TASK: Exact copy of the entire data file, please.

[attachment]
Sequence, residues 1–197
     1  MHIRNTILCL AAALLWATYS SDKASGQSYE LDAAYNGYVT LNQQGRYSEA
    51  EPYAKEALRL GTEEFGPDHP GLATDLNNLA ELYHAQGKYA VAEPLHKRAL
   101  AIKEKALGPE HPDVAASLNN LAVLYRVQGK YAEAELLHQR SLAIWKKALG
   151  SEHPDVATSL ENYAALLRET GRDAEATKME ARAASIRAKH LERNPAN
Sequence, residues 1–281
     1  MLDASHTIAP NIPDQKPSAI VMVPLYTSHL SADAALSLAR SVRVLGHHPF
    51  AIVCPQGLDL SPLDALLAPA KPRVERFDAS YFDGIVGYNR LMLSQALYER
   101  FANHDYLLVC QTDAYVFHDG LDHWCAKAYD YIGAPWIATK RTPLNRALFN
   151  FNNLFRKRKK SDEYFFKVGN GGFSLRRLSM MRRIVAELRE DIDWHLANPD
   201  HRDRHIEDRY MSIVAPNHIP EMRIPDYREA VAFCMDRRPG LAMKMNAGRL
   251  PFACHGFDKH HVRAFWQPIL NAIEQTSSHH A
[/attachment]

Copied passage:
Sequence, residues 1–197
     1  MHIRNTILCL AAALLWATYS SDKASGQSYE LDAAYNGYVT LNQQGRYSEA
    51  EPYAKEALRL GTEEFGPDHP GLATDLNNLA ELYHAQGKYA VAEPLHKRAL
   101  AIKEKALGPE HPDVAASLNN LAVLYRVQGK YAEAELLHQR SLAIWKKALG
   151  SEHPDVATSL ENYAALLRET GRDAEATKME ARAASIRAKH LERNPAN
Sequence, residues 1–281
     1  MLDASHTIAP NIPDQKPSAI VMVPLYTSHL SADAALSLAR SVRVLGHHPF
    51  AIVCPQGLDL SPLDALLAPA KPRVERFDAS YFDGIVGYNR LMLSQALYER
   101  FANHDYLLVC QTDAYVFHDG LDHWCAKAYD YIGAPWIATK RTPLNRALFN
   151  FNNLFRKRKK SDEYFFKVGN GGFSLRRLSM MRRIVAELRE DIDWHLANPD
   201  HRDRHIEDRY MSIVAPNHIP EMRIPDYREA VAFCMDRRPG LAMKMNAGRL
   251  PFACHGFDKH HVRAFWQPIL NAIEQTSSHH A